What If Mobile Ads Just Don't Work?

More

An investor makes a strong argument that screens are too small and people are too distracted for mobile marketing to ever be effective.

RTR2RL5F-615.jpg

Reuters

There's a common wisdom among start-up watchers like Mary Meeker or the guys at Business Insider that mobile phone advertising is a HUGE OPPORTUNITY. That's because people are spending a lot of time on their phones and very little advertising revenue is being generated during those hours. By the iron laws of the universe, where the people spend time, advertising dollars will follow. 

But there is another possibility, of course. It could be that advertising is simply inimical to the smartphone experience. In a great post at Monday Note, investor Jean-Louis Gassée explores this hypothetical and comes away convinced. The screens are too small and people are too distracted to pay any attention to the ads on their phones. And the seeming virtues of location-based ads don't seem that way to the people who'd be receiving them. Mobile ads just aren't going to work, Gassée concludes:

If the industry hasn't cracked the mobile advertising code after five years of energetic and skillful work it's because there is no code to crack. Together, the small screen, the different attention modes, the growing concerns about privacy create an insurmountable obstacle.

The "$20B Opportunity" is a mirage.

This would be a huge problem for just about every company that depends on Internet advertising. Most of them/us are seeing increased mobile usage, which means less and less of the time people spend with their brands is monetizable at the (already paltry) rates they'd come to expect on the web. Also don't forget that hundreds of millions of people in the developing world primarily access the Internet through their phones. So, it's not impossible that the mobile revolution may actually represent a doomsday for free ad-supported content and services.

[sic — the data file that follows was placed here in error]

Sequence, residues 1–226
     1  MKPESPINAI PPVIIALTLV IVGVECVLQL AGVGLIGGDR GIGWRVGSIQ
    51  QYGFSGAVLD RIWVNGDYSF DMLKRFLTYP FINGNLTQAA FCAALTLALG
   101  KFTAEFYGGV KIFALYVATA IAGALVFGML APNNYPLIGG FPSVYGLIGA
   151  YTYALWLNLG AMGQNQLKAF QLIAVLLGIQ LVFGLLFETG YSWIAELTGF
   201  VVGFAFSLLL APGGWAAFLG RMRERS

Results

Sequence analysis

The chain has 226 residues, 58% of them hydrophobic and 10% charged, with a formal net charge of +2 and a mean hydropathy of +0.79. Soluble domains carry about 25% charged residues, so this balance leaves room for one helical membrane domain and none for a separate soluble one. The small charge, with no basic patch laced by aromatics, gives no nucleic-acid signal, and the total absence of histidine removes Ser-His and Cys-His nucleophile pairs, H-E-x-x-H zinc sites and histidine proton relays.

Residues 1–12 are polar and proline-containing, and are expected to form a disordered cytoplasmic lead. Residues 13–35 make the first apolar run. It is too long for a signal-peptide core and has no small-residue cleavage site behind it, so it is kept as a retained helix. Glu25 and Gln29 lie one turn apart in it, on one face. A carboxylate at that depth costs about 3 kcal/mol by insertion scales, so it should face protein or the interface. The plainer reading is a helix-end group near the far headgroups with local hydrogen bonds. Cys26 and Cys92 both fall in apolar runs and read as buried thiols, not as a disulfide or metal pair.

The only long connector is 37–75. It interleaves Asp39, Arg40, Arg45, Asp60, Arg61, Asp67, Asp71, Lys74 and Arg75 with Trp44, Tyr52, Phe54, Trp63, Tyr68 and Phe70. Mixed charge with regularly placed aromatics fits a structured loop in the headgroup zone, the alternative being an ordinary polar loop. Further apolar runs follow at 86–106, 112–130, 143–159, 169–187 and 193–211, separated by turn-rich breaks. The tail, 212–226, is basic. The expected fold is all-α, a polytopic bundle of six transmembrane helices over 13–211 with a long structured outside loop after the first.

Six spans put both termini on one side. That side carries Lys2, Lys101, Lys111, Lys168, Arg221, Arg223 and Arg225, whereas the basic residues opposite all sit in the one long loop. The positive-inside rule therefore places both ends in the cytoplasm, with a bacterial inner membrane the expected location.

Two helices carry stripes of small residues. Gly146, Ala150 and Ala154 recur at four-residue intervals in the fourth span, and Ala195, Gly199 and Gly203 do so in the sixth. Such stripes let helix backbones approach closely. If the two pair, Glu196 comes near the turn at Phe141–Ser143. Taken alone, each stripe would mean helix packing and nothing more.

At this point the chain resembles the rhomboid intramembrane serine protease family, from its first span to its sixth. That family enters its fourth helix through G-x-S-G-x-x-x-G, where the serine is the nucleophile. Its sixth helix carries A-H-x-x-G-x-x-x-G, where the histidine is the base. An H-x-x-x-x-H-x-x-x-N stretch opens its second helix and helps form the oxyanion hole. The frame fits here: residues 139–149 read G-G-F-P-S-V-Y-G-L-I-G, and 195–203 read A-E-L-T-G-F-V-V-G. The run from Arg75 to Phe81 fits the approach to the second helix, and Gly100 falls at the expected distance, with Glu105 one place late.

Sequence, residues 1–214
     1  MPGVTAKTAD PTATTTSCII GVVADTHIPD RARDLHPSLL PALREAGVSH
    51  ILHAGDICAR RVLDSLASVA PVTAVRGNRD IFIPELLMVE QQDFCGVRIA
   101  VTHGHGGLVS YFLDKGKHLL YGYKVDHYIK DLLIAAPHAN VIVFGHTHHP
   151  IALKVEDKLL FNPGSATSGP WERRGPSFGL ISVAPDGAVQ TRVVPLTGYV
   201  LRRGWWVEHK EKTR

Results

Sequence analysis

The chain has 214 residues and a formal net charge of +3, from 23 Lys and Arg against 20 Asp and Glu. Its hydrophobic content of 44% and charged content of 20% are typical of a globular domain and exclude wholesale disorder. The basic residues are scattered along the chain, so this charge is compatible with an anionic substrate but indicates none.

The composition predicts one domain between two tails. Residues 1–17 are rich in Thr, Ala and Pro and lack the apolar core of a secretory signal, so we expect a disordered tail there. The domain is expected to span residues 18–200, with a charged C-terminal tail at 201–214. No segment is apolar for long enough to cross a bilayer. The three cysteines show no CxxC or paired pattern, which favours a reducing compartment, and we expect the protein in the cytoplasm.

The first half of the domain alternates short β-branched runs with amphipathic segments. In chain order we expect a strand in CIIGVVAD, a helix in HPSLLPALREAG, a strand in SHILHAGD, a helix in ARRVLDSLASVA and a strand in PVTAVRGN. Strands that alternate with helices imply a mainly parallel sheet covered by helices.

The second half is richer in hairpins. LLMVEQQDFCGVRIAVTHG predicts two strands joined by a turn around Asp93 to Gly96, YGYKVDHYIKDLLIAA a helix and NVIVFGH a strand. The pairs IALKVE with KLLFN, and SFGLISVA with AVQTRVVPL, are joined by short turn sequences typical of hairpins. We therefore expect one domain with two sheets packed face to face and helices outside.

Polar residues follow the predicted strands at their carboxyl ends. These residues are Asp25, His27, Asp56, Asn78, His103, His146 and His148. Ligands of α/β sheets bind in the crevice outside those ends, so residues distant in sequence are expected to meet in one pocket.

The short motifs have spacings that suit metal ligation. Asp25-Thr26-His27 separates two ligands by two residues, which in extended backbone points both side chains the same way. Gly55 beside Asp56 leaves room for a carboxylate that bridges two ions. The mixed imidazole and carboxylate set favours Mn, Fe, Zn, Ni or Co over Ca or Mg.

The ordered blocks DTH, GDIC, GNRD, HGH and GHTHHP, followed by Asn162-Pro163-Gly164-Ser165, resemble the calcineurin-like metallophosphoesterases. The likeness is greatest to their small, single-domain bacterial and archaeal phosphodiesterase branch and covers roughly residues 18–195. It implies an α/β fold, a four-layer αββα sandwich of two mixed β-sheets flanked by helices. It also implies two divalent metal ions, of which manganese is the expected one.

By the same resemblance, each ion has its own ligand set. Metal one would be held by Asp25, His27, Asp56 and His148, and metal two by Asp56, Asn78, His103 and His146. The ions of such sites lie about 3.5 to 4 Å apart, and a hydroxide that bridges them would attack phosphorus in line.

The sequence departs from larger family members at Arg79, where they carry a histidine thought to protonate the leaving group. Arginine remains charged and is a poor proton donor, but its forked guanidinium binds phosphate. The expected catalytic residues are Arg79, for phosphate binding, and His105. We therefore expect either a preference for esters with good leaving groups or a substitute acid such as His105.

Jump to comments
Presented by

Alexis C. Madrigal

Alexis Madrigal is a senior editor at The Atlantic, where he oversees the Technology Channel. He's the author of Powering the Dream: The History and Promise of Green Technology. More

The New York Observer calls Madrigal "for all intents and purposes, the perfect modern reporter." He co-founded Longshot magazine, a high-speed media experiment that garnered attention from The New York Times, The Wall Street Journal, and the BBC. While at Wired.com, he built Wired Science into one of the most popular blogs in the world. The site was nominated for best magazine blog by the MPA and best science Web site in the 2009 Webby Awards. He also co-founded Haiti ReWired, a groundbreaking community dedicated to the discussion of technology, infrastructure, and the future of Haiti.

He's spoken at Stanford, CalTech, Berkeley, SXSW, E3, and the National Renewable Energy Laboratory, and his writing was anthologized in Best Technology Writing 2010 (Yale University Press).

Madrigal is a visiting scholar at the University of California at Berkeley's Office for the History of Science and Technology. Born in Mexico City, he grew up in the exurbs north of Portland, Oregon, and now lives in Oakland.

Get Today's Top Stories in Your Inbox (preview)

Saving Central: One High School's Struggle After Resegregation

Meet the students and staff at Tuscaloosa’s all-black Central High School in a short documentary film by Maisie Crow. 


Elsewhere on the web

Join the Discussion

After you comment, click Post. If you’re not already logged in you will be asked to log in or register. blog comments powered by Disqus

Video

Where Time Comes From

The clocks that coordinate your cellphone, GPS, and more

Video

Computer Vision Syndrome and You

Save your eyes. Take breaks.

Video

What Happens in 60 Seconds

Quantifying human activity around the world

Writers

Up
Down

More in Technology

Just In